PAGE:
Councilor Elias Hendricks voted against the presidential inauguration expense. In an interview two days after the council meeting, Hendricks said that he was not swayed to support the item after Finley’s explanation to the city council. “It’s not an effective use of public funds,” said the councilor. “But that’s [Bert Miller's] discretionary funds. It’s his call.” Hendricks added that the fact that Finley met with Clarence Thomas “didn’t help any.”

City Hall — Council Seeks Travel Expense Report




November 18, 2004 

On November 9, the Birmingham City Council approved the hiring of Henry Sciortino as the city’s financial advisor. Sciortino, the former president and CEO of Fairmount Capital Advisors, Inc., which had advised the city for the past three years, left Fairmount this past summer after a falling out with company chairman Rodney Johnson. According to a November 7 Birmingham News article, Pennsylvania court records indicate that Sciortino filed a civil lawsuit against Fairmount and Johnson on August 3, 2004. The article stated that “Johnson filed a memorandum in opposition to the complaint,” including accusations that Sciortino was involved in “mishandling more than $500,000.” In a press conference after the council meeting, Mayor Bernard Kincaid, who believed Sciortino was not fairly represented in the story, decried the article as “the yellowest form of journalism that I can ever imagine.”

At the November 9 meeting, the council voted to rescind a resolution it had approved on August 3, which contracted with Fairmount for $240,000 as financial advisors. Councilor Joel Montgomery voted “no” each time. Then the council voted on a resolution to contract with Sciortino’s present company, Triad Capital Advisors, Inc. (for $146,666), but the resolution failed due to only three “yes” votes from the seven councilors present. [Councilors Lee Loder, Valerie Abbott, and Elias Hendricks voted "yes." Councilors Carol Reynolds and Joel Montgomery voted "no," while Councilors Carole Smitherman and Gwen Sykes abstained. It takes four votes to approve an item when only seven councilors are present.]


Councilor Abbott first questioned the Birmingham News piece during the meeting. “We certainly all saw the newspaper article, and it did raise a number of questions in all of our minds,” she said. “But we do have a contract that allows us to terminate if anything is discovered that causes us greater concerns.” She continued: “Until the lawsuit is resolved, we don’t know who’s right. And if we turn this down today we will be making a judgement on who is correct, and to me that would not be fair.” Abbott added that, in her opinion, “although interesting, [the article] did not include the entire story.”

“The most compelling argument for this is that there is a time constraint on this,” said Councilor Hendricks. “And at this point we do not need to be without a financial advisor. The financial advisor and the recommendation for a financial advisor is wholly in the purview of the financial department and the mayor. They’re the ones who use them; they’re the ones who have to be responsible for what they do.”

After the initial vote, Council President Loder appeared confused and refused to declare that the vote had failed until he could receive clarification that three votes were not a majority in this situation. He said he also wanted to give councilors the opportunity to reconsider their vote. Half an hour later, Loder called for the vote again, explaining that he now understood that a majority of four was needed when only seven councilors are present. By this time, Councilor Sykes had convened with Mayor Kincaid and Councilor Hendricks and switched her “abstain” vote to a “yes” vote.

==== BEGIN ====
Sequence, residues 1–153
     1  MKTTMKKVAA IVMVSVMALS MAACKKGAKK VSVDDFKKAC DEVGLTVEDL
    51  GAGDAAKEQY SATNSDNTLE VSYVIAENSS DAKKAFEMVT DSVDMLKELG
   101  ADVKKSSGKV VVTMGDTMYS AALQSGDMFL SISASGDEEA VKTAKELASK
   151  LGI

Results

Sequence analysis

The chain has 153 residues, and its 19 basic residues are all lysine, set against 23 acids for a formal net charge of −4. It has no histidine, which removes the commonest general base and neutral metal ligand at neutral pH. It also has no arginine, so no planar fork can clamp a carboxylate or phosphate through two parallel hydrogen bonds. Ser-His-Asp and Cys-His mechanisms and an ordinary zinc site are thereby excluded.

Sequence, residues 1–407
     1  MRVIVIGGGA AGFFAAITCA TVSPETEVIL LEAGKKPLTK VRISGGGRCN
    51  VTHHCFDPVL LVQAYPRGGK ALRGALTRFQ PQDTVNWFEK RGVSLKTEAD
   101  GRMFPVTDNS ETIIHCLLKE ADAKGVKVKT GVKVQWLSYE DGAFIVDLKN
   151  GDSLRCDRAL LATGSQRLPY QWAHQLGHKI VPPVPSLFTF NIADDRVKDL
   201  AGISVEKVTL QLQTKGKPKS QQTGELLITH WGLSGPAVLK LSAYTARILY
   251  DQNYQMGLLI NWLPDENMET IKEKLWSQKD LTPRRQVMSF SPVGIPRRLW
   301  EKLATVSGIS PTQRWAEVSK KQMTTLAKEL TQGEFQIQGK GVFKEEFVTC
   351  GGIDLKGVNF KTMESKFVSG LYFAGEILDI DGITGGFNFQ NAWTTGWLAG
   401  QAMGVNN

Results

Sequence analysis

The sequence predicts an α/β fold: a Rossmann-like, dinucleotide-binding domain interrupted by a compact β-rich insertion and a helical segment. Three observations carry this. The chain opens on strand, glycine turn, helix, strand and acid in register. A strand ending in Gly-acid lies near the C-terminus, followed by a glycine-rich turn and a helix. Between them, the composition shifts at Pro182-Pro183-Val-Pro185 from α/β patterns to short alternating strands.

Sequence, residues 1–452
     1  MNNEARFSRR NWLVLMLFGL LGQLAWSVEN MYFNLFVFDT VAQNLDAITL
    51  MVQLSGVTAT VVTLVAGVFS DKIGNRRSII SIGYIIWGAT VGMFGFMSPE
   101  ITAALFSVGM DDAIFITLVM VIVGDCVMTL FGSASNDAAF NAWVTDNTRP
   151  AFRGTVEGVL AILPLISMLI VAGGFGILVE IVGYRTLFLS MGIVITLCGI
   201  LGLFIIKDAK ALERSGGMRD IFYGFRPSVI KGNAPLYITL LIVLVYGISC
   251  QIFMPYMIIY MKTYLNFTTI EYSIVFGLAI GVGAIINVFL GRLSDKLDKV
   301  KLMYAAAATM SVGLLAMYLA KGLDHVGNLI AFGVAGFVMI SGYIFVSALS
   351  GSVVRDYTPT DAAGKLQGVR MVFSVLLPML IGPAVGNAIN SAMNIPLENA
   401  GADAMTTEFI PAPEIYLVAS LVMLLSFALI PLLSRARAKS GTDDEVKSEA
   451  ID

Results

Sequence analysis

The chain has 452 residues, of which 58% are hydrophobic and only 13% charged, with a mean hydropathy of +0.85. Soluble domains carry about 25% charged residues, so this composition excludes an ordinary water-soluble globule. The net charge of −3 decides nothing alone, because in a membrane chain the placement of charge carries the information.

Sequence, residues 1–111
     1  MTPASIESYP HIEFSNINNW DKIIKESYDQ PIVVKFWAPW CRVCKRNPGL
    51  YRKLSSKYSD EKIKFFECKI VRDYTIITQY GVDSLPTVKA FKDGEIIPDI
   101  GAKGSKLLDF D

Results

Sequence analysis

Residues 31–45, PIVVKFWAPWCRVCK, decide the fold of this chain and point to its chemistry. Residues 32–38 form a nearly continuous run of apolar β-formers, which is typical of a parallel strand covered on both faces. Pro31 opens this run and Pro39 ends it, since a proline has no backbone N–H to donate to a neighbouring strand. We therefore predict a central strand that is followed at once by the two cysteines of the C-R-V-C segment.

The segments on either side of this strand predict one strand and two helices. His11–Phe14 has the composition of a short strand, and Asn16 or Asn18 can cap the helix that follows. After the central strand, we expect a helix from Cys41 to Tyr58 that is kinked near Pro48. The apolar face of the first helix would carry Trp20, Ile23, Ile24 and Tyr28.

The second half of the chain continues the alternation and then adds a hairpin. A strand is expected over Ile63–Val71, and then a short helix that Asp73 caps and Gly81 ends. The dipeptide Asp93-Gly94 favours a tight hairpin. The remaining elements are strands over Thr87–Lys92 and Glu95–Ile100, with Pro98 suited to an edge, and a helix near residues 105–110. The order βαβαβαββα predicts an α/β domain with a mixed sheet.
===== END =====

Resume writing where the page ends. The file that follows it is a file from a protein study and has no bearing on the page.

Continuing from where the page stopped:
Councilor Montgomery became livid. He told Loder that the first vote should have stood, but Loder replied that a councilor could change his or her vote at any time prior to declaration of the vote. [Loder has the option of declaring the vote, but the council can put up a motion demanding that he declare the vote.] Montgomery argued that reconsideration of a vote is the only way to ask for a vote again once a roll call vote has been taken. [Reconsideration can only be requested by the prevailing side, but there was no prevailing side on the first vote due to no clear majority.] Loder overruled Montgomery and let the second vote stand. Loder explained, that according to Roberts Rules of Order, the parliamentary procedure used by the council, Loder is authorized to retake a vote if he feels that the vote is “not clear or unrepresentative.” Loder added, “My job is to accurately reflect the will of this body. . . . I am satisfied at this time that the vote taken accurately reflects the will of this body.” Storming through the hall outside the council chambers after the meeting, Montgomery vowed to contact the district attorney that afternoon.

In an interview, Montgomery took issue with Loder’s explanation of his job as council president. “His job is not to reflect the will of the body. His job is to preside over that meeting,” said the councilor. “What he did was immoral. He stole $146,000 from the taxpayers of this city and nullified the representation of various districts up there by manipulating not only the Roberts Rules of Order, but also the process by which we deliberate up there!” Montgomery said Loder’s goal was to make sure he had the four votes needed to pass the item to hire Sciortino’s company. He expressed amazement that Loder didn’t know that four votes are needed when only seven councilors are present. “This man has been sitting on the council for four and a half years, and he doesn’t know that when you’ve got seven people up there that you need four votes for a majority?”